In 1967, the black boxer Rubin "Hurricane" Carter and a young acquaintance, John Artis, were wrongly convicted of triple murder by an all-white jury in Paterson, New Jersey. Over the next decade, Carter gradually amassed convincing evidence of his innocence and the vocal support of celebrities from Bob Dylan to Muhammad Ali. He was freed in 1976 pending a new trial, but he lost his appeal -- to the amazement of many -- and landed back in prison.
Carter, bereft, shunned almost all human contact until he received a letter from Lesra Martin, a teenager raised in a Brooklyn ghetto. Against his bitter instincts, Carter agreed to meet with Martin, thus taking the first step on a tortuous path back to the world. Martin introduced him to an enigmatic group of Canadians who helped wage a successful battle to free him. As Carter orchestrated this effort from his cell, he also embarked on a singular intellectual journey, which led ultimately to a freedom more profound than any that could be granted by a legal authority.
Here comes the story of the Hurricane: On June 17, 1966, two men entered the Lafayette Grill in Paterson, New Jersey, and shot four people, killing three. Rubin "Hurricane" Carter, a onetime contender for the middleweight boxing crown, and John Artis, an acquaintance of Carter's, were charged with the murders. In a highly publicized and racially loaded trial, the prosecution hinged its case upon the convoluted and contradictory testimonies of two lifelong criminals, and failed to present any definitive evidence of Carter and Artis's guilt. Nonetheless, both innocent men were sentenced to life in prison. Hurricane is a detailed, inspiring account of Carter's 22-year effort to exonerate himself and regain his freedom.
Carter's saga is rich and complicated, and James Hirsch deserves praise for his balanced treatment. He brings Carter's electrifying and complex personality alive without unnecessarily lionizing him, masterfully detailing his transformation from a defiant, intimidating man known for his dangerous temper and stubborn pride into a enlightened one who defeated despair and unimaginable injustice. Upon incarceration, Carter refused to behave like a guilty man--by defying the rules: rejecting prison garb and keeping his jewelry, shunning prison food, and failing to see a parole officer. His defiance earned him cruel punishment, but he compelled the rigid, unforgiving system to come to terms, at least in certain instances.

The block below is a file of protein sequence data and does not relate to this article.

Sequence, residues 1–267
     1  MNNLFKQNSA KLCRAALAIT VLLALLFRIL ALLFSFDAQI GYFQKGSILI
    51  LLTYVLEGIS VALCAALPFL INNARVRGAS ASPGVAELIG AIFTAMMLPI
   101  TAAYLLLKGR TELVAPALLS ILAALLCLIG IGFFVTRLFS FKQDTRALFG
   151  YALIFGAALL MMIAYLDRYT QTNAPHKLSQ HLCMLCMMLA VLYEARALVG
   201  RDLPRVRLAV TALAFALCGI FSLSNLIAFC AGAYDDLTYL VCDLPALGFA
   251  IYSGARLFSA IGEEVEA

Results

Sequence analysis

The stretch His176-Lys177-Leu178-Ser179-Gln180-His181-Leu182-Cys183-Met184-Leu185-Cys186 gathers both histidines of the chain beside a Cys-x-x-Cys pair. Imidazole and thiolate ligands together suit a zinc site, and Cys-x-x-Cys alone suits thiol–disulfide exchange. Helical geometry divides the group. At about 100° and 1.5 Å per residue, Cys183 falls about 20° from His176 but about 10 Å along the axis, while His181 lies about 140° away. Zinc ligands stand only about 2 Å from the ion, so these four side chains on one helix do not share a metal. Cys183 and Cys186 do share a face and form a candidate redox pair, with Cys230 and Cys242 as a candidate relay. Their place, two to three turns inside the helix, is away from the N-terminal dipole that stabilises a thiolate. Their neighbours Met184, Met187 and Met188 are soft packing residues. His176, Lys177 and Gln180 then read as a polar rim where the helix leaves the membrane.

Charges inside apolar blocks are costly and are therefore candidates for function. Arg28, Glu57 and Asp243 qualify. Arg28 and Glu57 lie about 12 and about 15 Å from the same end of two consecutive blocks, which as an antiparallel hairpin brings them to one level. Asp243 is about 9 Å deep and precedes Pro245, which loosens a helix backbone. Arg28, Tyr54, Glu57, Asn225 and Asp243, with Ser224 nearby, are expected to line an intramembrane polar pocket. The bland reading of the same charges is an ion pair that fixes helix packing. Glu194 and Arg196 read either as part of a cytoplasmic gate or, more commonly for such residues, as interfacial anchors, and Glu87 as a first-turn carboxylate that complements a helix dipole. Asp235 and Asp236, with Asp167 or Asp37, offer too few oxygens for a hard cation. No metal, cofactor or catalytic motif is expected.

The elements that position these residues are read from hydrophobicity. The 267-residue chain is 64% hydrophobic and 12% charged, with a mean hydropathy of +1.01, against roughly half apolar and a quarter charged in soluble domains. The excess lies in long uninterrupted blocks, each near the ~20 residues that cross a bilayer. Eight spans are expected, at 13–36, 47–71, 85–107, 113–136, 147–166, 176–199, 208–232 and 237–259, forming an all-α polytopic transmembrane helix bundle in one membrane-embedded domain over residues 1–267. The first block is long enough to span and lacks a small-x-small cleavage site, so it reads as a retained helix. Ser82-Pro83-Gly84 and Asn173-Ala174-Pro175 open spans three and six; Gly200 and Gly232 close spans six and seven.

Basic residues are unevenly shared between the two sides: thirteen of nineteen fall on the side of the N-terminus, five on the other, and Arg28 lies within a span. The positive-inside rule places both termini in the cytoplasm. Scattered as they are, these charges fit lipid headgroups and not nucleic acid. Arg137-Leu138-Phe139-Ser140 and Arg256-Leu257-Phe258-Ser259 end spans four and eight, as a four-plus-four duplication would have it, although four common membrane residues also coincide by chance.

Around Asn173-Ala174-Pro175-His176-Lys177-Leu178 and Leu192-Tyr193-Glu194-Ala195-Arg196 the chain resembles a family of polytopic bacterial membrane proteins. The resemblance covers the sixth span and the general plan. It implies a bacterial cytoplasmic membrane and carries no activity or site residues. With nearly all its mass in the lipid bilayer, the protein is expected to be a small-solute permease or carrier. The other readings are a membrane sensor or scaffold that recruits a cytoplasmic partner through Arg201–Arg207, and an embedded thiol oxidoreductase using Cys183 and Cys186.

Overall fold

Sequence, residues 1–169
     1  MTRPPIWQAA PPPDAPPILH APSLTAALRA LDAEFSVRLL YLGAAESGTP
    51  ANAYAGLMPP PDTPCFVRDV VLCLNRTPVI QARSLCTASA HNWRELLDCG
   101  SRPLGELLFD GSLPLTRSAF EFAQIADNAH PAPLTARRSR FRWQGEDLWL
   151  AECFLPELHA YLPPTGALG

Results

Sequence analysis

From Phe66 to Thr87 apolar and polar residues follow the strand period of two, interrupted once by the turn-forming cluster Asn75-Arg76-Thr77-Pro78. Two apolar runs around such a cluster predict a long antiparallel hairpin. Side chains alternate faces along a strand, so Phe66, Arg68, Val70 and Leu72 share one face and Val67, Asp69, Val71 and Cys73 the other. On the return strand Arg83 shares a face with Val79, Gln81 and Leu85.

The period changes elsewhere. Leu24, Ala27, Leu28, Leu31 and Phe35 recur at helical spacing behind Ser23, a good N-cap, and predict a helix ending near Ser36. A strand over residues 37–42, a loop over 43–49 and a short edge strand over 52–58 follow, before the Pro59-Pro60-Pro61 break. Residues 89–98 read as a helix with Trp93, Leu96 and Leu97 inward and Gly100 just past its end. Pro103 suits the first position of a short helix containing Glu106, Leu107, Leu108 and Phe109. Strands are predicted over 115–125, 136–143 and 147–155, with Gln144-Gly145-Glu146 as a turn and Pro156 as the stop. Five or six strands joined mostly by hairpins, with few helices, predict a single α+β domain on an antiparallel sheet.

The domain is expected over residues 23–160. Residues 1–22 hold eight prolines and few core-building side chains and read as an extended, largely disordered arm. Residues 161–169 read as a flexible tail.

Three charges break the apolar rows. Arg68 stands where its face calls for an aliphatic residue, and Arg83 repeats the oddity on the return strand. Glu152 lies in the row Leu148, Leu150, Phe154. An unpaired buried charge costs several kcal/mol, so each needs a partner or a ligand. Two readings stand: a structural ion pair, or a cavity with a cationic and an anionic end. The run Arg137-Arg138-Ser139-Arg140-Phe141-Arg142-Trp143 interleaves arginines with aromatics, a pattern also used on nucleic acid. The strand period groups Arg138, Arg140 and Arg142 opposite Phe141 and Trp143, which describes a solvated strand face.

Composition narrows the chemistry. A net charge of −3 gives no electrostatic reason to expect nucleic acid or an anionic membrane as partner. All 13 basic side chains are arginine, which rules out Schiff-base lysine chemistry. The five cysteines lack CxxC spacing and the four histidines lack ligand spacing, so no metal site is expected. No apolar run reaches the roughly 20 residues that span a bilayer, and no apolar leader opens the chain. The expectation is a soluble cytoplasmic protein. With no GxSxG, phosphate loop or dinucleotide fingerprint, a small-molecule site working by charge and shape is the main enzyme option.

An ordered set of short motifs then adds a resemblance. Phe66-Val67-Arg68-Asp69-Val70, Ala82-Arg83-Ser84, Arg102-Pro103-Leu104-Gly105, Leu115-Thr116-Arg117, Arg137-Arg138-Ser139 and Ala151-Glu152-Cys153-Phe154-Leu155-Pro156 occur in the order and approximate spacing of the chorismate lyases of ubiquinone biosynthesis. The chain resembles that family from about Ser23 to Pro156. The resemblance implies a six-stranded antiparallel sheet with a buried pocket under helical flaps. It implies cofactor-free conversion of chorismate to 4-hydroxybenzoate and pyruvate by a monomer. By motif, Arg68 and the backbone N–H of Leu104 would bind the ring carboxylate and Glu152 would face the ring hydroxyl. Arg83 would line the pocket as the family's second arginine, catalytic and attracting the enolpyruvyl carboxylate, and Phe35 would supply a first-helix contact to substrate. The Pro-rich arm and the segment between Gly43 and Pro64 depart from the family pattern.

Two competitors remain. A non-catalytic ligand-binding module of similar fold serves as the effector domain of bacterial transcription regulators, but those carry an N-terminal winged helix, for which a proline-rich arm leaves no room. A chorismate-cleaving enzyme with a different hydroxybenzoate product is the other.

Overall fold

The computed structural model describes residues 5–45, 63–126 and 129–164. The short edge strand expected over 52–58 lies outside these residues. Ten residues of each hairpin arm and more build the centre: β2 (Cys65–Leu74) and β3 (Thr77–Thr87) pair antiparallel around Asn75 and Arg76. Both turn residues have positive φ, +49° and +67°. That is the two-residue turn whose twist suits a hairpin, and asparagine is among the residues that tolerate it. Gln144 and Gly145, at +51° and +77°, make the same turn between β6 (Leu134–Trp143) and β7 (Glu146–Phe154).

Though he began an earnest study of the law in order to issue his own appeals, he could not have won his freedom without the astonishing collective effort of others. After a 1974 front-page story in The New York Times revealed his plight, there followed an outpouring of public support that included celebrity endorsements from, among many others, Muhammad Ali, Jesse Jackson, and Bob Dylan, who immortalized him in the famous song "Hurricane". Though all the publicity turned Carter into an icon for a time, ultimately it was the efforts of a group of enigmatic Canadians and a team of persistent lawyers that helped Carter achieve justice.
He lost his family, his boxing career, and 22 years of his life, yet in the end, he refused to allow bitterness to consume him. When the charges against him were finally dropped in 1988, he spoke at a press conference:
If I have learned nothing else in life, I've learned that bitterness only consumes the vessel that contains it. And for me to permit bitterness to control or infect my life in any way whatsoever, would be to allow those who imprisoned me to take even more than the twenty-two years they've already taken. Now, that would make me an accomplice to their crime... He emerged from the fight of his life with his dignity and humanity intact. --Shawn Carkonen